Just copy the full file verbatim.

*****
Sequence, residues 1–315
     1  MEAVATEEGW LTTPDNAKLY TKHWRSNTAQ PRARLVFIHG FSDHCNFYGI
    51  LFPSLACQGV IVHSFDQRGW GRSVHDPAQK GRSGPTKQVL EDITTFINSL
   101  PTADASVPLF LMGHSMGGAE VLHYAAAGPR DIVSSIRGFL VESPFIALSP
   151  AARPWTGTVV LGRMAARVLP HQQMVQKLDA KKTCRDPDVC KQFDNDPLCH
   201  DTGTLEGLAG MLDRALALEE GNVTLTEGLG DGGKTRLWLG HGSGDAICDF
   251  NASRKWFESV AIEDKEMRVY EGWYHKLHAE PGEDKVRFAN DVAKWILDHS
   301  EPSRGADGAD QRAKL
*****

Sequence, residues 1–315
     1  MEAVATEEGW LTTPDNAKLY TKHWRSNTAQ PRARLVFIHG FSDHCNFYGI
    51  LFPSLACQGV IVHSFDQRGW GRSVHDPAQK GRSGPTKQVL EDITTFINSL
   101  PTADASVPLF LMGHSMGGAE VLHYAAAGPR DIVSSIRGFL VESPFIALSP
   151  AARPWTGTVV LGRMAARVLP HQQMVQKLDA KKTCRDPDVC KQFDNDPLCH
   201  DTGTLEGLAG MLDRALALEE GNVTLTEGLG DGGKTRLWLG HGSGDAICDF
   251  NASRKWFESV AIEDKEMRVY EGWYHKLHAE PGEDKVRFAN DVAKWILDHS
   301  EPSRGADGAD QRAKL